This boat will be in as much as possible (probably with a fishing rod beside me). I would be mad at myself if I didn't have fun with her and scratch her up. Besides once you have built a boat- you can repair a boat as well, so why not get outside and go for it!

Biggest Concern:

I was concerned that the woodworking skills were beyond me- having no previous experience. The solution: lots of reading and asking other builders- lots of practice as well. It turned out not to be a problem.
I was also concerned about working with caustic chemicals (epoxy mostly)- but all the safety precautions turned out to be effective.

Most of all it was fun, a confidence builder, and it has opened up a whole new world to me. Boat design, Construction and use.

Thanks for asking! :eyebrows

Cantley, Quebec.
"The journey is the reward"- Tao saying

Rob from Hamilton
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Post by Rob from Hamilton » Sun Apr 02, 2006 7:51 pm

Building my own boat has practically changed my life. I named her "Tribute" in memory of loved ones I had lost, who gave me the strength to build it. And to get through the tough times without giving up on it.

Why did I build my own boat?

My Mom passed away in the summer of 2001. I was feeling empty. I had lost my Dad in 1994, and my sister in 1998. Over the 2001/2002 winter, I was feeling lost, but luckily had a family of my own for support. For some reason, I had the urge to create something, and it needed to be something that would carry my family. My Dad was a woodworker/ hobbyist. I love the old wooden boats, and so when I saw Canoecraft, I bought it without even thinking. I told my wife what I wanted to do, and why, and she dared me to do it. I showed her. I built my Redbird in 88 hours with seats, gunnels, decks and thwart from Noahs (Not the kit). My family was taking a week long trip to Killarney, and I was either going to have to rent a canoe, or buy a fibreglass one. I'm too cheap, so I decided to build one. I had a deadline, and that helped. (That's why we bought those parts) It was also a good project for my then 14 year old son to help me with. He loves woodworking too, but he's better at it than I am. Now canoeing has become part of our life.

What method did I use?

Bead and cove cedar strip, straight from Canoecraft, and it turned out great.

How do you respond when people say to you 'thats nice but I would never put it in the water'

I tell them "Thanks" but I built it to use it, and since I built it, I can fix it. Every scratch tells a story. I also tell them nothing glides through the water like a cedar strip!

What was your biggest concern before starting to build it? how did you overcome this?
I was a little worried I wouldn't be able to finish it. That I might get stuck and have this big "mistake" stuck in my garage, and my wife telling me "I told you so". So I stuck to it, and when I had a problem I just went ahead and solved it. I had no time to waste. Having a deadline helped me. Now we've built three canoes, on of which my son built completely from scratch, with no plans or anything. We used old hydro poles, and the kid built a 10 1/2' little canoe practically by himself. The latest one last summer, was a Bob's special. Now my only concern is that I want to keep building them!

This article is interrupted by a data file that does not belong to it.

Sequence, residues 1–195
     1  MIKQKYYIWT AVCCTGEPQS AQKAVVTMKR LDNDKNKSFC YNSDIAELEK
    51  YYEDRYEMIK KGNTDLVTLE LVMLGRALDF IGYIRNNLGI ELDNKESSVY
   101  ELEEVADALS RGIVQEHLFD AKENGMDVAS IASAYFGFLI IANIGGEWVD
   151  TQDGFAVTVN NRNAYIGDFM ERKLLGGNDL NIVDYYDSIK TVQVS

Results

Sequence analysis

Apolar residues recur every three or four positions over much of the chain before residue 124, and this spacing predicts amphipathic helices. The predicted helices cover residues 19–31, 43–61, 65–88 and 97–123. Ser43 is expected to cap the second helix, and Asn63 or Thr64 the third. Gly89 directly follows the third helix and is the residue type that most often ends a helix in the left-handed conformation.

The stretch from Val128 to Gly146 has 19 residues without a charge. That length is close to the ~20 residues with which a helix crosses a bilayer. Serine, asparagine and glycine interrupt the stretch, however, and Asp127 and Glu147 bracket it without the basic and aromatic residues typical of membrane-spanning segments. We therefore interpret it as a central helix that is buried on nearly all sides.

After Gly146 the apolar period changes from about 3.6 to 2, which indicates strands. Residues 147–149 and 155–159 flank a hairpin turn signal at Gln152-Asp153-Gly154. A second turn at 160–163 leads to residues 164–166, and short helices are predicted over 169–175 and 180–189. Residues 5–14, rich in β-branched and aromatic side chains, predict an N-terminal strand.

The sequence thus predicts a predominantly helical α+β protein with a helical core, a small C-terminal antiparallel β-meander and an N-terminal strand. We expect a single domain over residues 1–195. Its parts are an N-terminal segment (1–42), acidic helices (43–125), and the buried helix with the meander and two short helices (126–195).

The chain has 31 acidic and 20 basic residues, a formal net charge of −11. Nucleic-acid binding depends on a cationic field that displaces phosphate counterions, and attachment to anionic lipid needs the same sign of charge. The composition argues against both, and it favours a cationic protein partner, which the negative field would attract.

Fred G
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Post by Fred G » Mon Apr 03, 2006 9:21 am

Why did I build my own boat?

For the first one, I needed 2 kayaks, one for me and one for my son. I figured I could buy a nice glass boat and build a stitch and glue too for the same price as 1 kevlar kayak

The rest I built 'cause I got in the habit..

What method did I use?

First three were stitch and glue pygmy. The 3d one was because my wife wanted her own and fell in love with the Arctic Tern 14.

Next 2 were strip solo boats. First one a 10/12 bobs special as a solo. Went stemless on that on with a combination of tips from canoecraft, gilpatricks book and featherweight canoe.

My wife wanted a second boat. She wanted a double paddle canoe that looked like the hiawatha. So back to 10/12 again but with stems. She picked the stripping pattern and insisted on stems and carry thwarts instead of decks. They both paddle very nicely.

Current project is a small hybrid double kayak.

How do you respond when people say to you 'thats nice but I would never put it in the water'

I built it, I can fix it.

What was your biggest concern before starting to build it? how did you overcome this?


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Erik, Belgium
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Post by Erik, Belgium » Mon Apr 03, 2006 3:38 pm

Why I built my own boat ?
I 've been paddling since I was 13 years old (32 years ago now, oh my). Paddling is my joy: I love being on the water, outside in nature, camping I see it as a counterpart for the stressful job being an IT manager. I 'm someone who always looked at things, how something was made, and tried to create it myself, rather then go out to the shop and buy it. The combination of all this couldn't be different then building boats myself.

What method I used and why ?
Strip method so far (2 canoes and 1 kayak), I prefer rolling bevel. 2 more strip kayaks to go, plus at least one skin on frame for sure. Stich&glue will never be my thing, sorry. Why: paddling is my thing, and wooden boats are the most beautiful crafts in the world. Also the fact of being able to built it myself without owning anything but vintage handtools. Another important factor is that I had to keep the cost factor as low as possible.

They say 'That's nice but I would never put it in the water'
Nonsense. I don't mind scratches. A boat without scratches has nothing to tell, has no history.